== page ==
Exercise inside if the weather is bad. Find a class online or borrow DVDs from the library.
Exercise outside when you can to absorb some Vitamin D. It promotes bone health and boosts immunity. A simple brisk walk is all you need.
Indulge in more baths for rest, reflection and relaxation. Add warming essential oils to the bath in a carrier oil (such as almond, jojoba, olive) or diffuse them in an oil burner. Try sandalwood, cedar wood and sage. If you have a cold, try thyme, rosemary, eucalyptus, tea tree, marjoram and oregano for their anti-viral and sinus clearing properties.
Get more sleep in winter. The Nei Ching (oldest known Chinese medicine document) advises that we should go to bed earlier and rise late in the morning when the sun does. Even if you can’t do this all the time due to commitments you might be able to try one to two days per week. It will help keep you in tune with the energy of winter.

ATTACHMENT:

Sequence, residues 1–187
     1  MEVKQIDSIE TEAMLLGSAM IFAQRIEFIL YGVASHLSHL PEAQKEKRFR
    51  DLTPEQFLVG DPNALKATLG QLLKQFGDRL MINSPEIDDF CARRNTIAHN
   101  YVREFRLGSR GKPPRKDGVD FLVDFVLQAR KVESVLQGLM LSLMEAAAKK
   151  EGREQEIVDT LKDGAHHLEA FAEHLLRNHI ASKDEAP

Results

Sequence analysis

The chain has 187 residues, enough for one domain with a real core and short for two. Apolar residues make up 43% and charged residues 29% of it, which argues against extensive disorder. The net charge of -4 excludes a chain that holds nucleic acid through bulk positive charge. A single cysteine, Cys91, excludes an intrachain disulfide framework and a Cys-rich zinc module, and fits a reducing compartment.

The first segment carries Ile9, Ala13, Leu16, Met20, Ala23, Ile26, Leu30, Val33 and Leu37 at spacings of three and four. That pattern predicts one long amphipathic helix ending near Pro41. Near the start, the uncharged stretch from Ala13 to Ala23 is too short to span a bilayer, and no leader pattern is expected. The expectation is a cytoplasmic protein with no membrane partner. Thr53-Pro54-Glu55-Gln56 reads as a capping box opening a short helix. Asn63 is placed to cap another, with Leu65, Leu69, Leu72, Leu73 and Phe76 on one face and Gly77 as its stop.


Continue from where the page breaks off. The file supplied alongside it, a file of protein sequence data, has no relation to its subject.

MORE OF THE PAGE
Watch this space for tips on how to work with the other seasons as they emerge.
Written by Julia Richards, Medical Herbalist and Learning Consultant at enhanceone.com
Julia Richards is a qualified Medical Herbalist and Director of Enhance One Limited, a consultancy passionate about helping individuals, groups, families, communities and organisations be the best they can be physically, mentally and emotionally. To achieve this, Julia uses a holistic approach to help you enhance yourself by drawing on her experience and studies in personal development, life coaching, aromatherapy, nutrition, herbal medicine and other wellbeing techniques. Julia helps you design a wellbeing plan that is unique to you and works in a complementary way with your doctor or any other therapist you are seeing to help you make improvements in your health. Julia offers individual consultations and group workshops. She can be contacted via the website. Julia lives in Yorkshire, UK.